Thursday, June 5, 2014


There isn’t much that three-year olds aren’t excited about. And that’s a double negative. So, what I’m really saying is that three-year old humans are excited about pretty much . . . well . . . everything. 

Learning to jump with two feet is a huge deal.

Finally being tall enough to reach the soap dispenser in the church bathroom is an occasion.

Knowing all the words to Twinkle, Twinkle is cause for celebration and often a little dancing.

Or as one little girl told me Sunday, “Sissa [Sister] Zern I can turn the sink water on now ‘cuz I’m on my way to being an adult.”

“That’s true, Raelyn, that’s true,” I said. 

She skipped out of the bathroom, the hem of her dress neatly tucked into the back of her princess panties.

There isn’t much three-year olds don’t want to do by themselves. I can “do it” they often say: like go into a bathroom stall, lock the door, completely undress, climb onto the potty, and then decide they “need help.”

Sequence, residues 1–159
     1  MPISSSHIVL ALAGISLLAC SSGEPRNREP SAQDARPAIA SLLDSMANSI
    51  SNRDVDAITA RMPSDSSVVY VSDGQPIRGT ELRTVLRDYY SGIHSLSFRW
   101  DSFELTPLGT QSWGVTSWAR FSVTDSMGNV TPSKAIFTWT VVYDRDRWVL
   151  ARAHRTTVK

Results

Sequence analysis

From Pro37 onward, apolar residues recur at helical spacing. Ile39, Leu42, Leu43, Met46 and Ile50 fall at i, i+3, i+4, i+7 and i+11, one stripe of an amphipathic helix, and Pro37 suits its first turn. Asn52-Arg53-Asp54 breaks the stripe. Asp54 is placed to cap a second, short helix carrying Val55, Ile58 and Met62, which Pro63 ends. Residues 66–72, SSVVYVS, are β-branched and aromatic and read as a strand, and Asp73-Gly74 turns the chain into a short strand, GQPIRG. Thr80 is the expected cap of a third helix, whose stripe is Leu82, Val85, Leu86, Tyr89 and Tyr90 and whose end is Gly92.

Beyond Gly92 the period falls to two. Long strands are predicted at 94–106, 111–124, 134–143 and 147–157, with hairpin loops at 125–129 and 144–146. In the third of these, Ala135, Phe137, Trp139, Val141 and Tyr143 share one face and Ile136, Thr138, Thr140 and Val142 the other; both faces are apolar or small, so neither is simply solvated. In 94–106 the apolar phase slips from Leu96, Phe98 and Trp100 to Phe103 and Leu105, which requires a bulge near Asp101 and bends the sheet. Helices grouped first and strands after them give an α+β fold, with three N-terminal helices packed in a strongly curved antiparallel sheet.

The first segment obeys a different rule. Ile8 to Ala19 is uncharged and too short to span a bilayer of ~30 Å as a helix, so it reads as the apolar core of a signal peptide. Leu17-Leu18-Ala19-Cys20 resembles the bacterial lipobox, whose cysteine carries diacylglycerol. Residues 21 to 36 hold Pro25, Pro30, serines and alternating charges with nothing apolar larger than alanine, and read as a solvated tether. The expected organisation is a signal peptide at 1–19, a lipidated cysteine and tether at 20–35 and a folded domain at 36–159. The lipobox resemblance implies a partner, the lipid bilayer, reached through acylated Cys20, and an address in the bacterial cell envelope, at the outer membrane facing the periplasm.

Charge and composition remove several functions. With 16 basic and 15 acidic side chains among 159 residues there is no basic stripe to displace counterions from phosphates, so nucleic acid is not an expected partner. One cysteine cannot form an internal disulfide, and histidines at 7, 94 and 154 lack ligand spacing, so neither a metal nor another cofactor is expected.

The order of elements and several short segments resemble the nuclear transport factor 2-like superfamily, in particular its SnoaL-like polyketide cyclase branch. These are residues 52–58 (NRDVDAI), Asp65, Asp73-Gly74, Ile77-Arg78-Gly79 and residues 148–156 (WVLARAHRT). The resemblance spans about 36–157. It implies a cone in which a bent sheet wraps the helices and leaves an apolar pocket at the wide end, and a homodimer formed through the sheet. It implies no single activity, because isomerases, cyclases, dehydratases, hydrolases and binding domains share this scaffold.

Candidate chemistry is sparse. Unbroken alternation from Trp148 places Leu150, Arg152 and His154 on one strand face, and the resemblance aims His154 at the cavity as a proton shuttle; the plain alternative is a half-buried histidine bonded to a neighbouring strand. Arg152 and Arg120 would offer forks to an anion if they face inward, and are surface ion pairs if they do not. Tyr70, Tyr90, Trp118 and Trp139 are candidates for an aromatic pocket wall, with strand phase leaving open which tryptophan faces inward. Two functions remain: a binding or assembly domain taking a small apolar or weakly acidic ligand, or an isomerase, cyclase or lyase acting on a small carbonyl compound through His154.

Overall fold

When my grandson, Conner, was three it was my job to escort him to the bathroom during our church meeting.

“I can do it,” he would say.

“Are you sure?”

“I do it.”

“Okay,” I agreed. “But don’t lock the door, just in case, okay? Please. Please. YaYa looks pretty stupid crawling around on the bathroom floor.”

“I do it.”

Then he’d enter the bathroom stall and CLICK, lock the door, completely undress, climb on the potty, and . . .


The sound of my head banging against the LOCKED stall door reverberated. 

“Yes, Conner.”

“I need help.”

There isn’t much that I can’t stand more than the floor of a public bathroom. And that’s a tortured double negative, meaning that I hate crawling under bathroom stall doors in a skirt, heels, and panty hose. But I’m the YaYa and Conner was in luck. I’m pretty small. I fit. And I did crawl.

The best part of this story is that a friend of mine heard me warning my Sunday school class not to lock the doors so that I wouldn’t have to crawl under their doors to rescue them. She let me in on the big secret.

“You can open the doors from the outside.”


“Sure, see that slot in the door. Just get a quarter and twist.” She ripped a paper towel free and dried her hands.

“Do you have any idea how long . . .” I paused. “Never mind.”

There isn’t much that I don’t like learning. Especially, a better way to rescue three-year olds from behind locked bathroom stall doors. 

I am a Sunday school teacher. I teach three-year olds the right way to live and be happy. A lot of the time they teach me the same thing.

Linda (Rescue Me) Zern 

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